That seemed to confirm for me that my third great-grandfather was the son of Philip and Elizabeth Blazer. I added one more generation and learned the identities of John’s siblings. But it wasn’t until I went to the Bureau of Land Management General Land Office Records that I found John Blazer who purchased 80 acres in Madison county, Indiana north of Pendleton in 1835. Looking at the image of the Patent Record, I was excited to read: “John Blazer of Gallia County, Ohio…” John Blazer also bought 80 acres in August 1838 located west of Pendleton in Madison county.

I found out who my third great-grandfather was by way of a good deed of my friend and consequently was able to identify my fourth great-grandparents, Philip and Elizabeth Blazer!

Amy Johnson Crow, of No Story Too Small continues the challenge to the geneablogging world to write a blog post weekly on one ancestor. This could be a photo, a story, biography, or a post on the weekly theme. To read her challenge please go to Challenge: 52 Ancestors in 52 Weeks – 2015 Edition. Feel free to join in at any time! This week’s theme is “Good Deeds.”

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john lafayette johnson birthday 001

This is a picture that my mother told me was taken for my great-grandfather’s birthday. When I asked her who everyone was (besides those whom I knew), I don’t remember if she told me or if she just said “relations.” I’ve slept since then and of course – it is NOT WRITTEN on the back of the picture. I dug it out again last week and decided it was time I tried to figure out who was at the birthday celebration.

I knew it was taken in 1939 – two months before my great-grandfather (he’s the older man on the far right), John Lafayette Johnson, passed away from pancreatic cancer. Even if I hadn’t been told that was the year, I could look at the image of my mother – third from the left in the sweater with the “B” on it – and know that she was still in high school. In 1939, she was 17 and played basketball for her high school, Bath Consolidated Schools, located in Bath Township, Greene county, Ohio. My great-grandmother, Katie (Blazer) Johnson, had passed away in 1930 of stomach cancer which explains why she wasn’t in the picture.

I knew the photo was taken in front of the home on Ohio Street in Fairfield (now Fairborn, Ohio) because I have seen other pictures of the same house and in the 1940 census, my grandparents were still residing there. My first thought upon seeing all the other people was that it was Johnson relatives, but when I shared it with some distant cousins hoping they would recognize someone, it was a bust. Anyone that it might have been had already died by 1939. Besides, the Johnson relatives lived in Indiana.

So I turned to my great-grandmother’s family. They lived in Urbana, Ohio – about an hour’s travel today. Her brother, Wesley Blazer, was still living in 1939 but I had never seen a picture of him. His son, Glen O. Blazer, I had known and had pictures that I could compare as well as his wife, son, and sister. Below are the comparisons. The picture on the right was taken in 1976. Looking at the ears, chin, mouth, nose and eyes led me to believe this was Glen. Based on that deduction, all I needed to do was compare photos of his wife, Nina (Cushman) Blazer, and his sister, Ada D. Blazer, as well as place them in that time frame.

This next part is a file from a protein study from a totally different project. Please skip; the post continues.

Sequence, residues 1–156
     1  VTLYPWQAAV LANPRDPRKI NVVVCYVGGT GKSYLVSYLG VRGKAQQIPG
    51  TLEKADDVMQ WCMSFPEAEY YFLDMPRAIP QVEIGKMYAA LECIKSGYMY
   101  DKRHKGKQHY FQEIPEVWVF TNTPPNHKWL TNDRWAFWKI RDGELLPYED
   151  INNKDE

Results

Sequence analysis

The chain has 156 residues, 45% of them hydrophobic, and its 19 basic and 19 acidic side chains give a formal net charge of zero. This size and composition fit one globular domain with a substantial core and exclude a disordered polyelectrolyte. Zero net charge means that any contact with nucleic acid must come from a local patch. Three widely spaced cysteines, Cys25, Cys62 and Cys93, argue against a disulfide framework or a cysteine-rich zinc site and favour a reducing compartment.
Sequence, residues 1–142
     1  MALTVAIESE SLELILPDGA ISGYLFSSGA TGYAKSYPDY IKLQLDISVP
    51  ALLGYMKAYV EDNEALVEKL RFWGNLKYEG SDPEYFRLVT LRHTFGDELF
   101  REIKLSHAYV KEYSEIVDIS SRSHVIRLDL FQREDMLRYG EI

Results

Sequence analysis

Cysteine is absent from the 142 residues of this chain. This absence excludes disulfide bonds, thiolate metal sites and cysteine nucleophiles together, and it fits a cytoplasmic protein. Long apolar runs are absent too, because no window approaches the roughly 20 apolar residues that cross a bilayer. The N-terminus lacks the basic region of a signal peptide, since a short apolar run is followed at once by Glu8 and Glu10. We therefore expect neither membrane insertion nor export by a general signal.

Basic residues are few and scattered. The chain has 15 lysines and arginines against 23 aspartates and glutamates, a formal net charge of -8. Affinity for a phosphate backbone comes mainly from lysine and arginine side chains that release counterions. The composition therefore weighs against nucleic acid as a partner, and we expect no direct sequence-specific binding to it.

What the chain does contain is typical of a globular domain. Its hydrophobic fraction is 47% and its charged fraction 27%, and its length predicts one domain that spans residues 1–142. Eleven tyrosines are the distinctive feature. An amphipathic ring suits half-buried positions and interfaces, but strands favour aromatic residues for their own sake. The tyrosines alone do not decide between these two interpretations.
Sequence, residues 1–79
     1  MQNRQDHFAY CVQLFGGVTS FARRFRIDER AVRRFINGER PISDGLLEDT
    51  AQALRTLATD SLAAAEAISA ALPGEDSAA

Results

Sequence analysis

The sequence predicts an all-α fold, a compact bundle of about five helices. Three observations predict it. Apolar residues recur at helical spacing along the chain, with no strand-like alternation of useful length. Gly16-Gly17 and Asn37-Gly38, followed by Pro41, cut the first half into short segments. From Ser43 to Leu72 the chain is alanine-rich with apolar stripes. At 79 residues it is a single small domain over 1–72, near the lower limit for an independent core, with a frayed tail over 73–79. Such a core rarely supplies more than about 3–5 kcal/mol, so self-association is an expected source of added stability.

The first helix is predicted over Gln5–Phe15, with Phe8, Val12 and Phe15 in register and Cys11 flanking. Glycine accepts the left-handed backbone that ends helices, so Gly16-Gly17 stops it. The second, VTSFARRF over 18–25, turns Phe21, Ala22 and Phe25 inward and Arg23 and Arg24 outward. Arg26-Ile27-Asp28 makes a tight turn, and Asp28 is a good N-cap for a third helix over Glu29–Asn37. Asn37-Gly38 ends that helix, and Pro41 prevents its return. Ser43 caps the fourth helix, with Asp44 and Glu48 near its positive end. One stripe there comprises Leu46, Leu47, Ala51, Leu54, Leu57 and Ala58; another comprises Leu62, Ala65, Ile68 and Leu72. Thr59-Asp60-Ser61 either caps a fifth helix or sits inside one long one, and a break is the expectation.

glen blazer comparison

Below, the picture on the right of Nina Cushman Blazer (Glen’s wife) was taken at a reunion in 1969 – 30 years after the one on the left.

nina cushman blazer comparison

The comparison collage below of Ada Dell Blazer show how she looked in 1939 (left), around 1918 (top right), and at a reunion in the early 1970s (bottom right).

ada blazer comparison

Based on the photographic evidence, I was able to see the picture more clearly (pun intended!). Since Wesley Blazer was still living and would have been 76 years old, I believe he is the gentleman with the hat sixth from the left. The young man standing just over Nina’s shoulder would be Marion Blazer – son of Glen and Nina. In 1939 he was about 16 years old. The man peaking out from behind Ada’s head would be her second husband, John Black, and their daughter would be in front of her.

Below is the photo after I added the names of those in the picture.

john lafayette johnson birthday

 And just for more comparison – here’s a few photos taken in 1969 and the early 1970s that include my grandparents, Glen & Vesta Johnson, as well as Glen and Nina Blazer, and Ada (Blazer) Black.

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glen_gleno_nina_ada

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52ancestors-2015

Amy Johnson Crow, of No Story Too Small continues the challenge to the geneablogging world to write a blog post weekly on one ancestor. This could be a photo, a story, biography, or a post on the weekly theme. To read her challenge please go to Challenge: 52 Ancestors in 52 Weeks – 2015 Edition. Feel free to join in at any time!

The theme for this week is “Tough Woman” and could be a woman in the family that is strong and tough or a female ancestor that is tough to research.

I’m writing about someone who is not my ancestor but ties in to my family via my maternal great-grandparents. In October 1910 a young woman gave birth to a baby girl on an interurban car somewhere near Fortville, Indiana. The woman was taken to the St. John’s hospital where she encountered my great-grandmother, Katie (Blazer) Johnson, and asked her to take care of her baby girl. The young woman was unmarried. Katie agreed and began the rest of her life dedicated to being Eva Louise Johnson’s mother.

Editor’s note: right after I wrote the paragraph above, I did more research and realized that there is so much more to this story! So I will finish this by pointing to some earlier blog posts I had written: Independent from Birth and Update on Eva.

More to the story about Eva’s mother will be forthcoming, and it’s really exciting!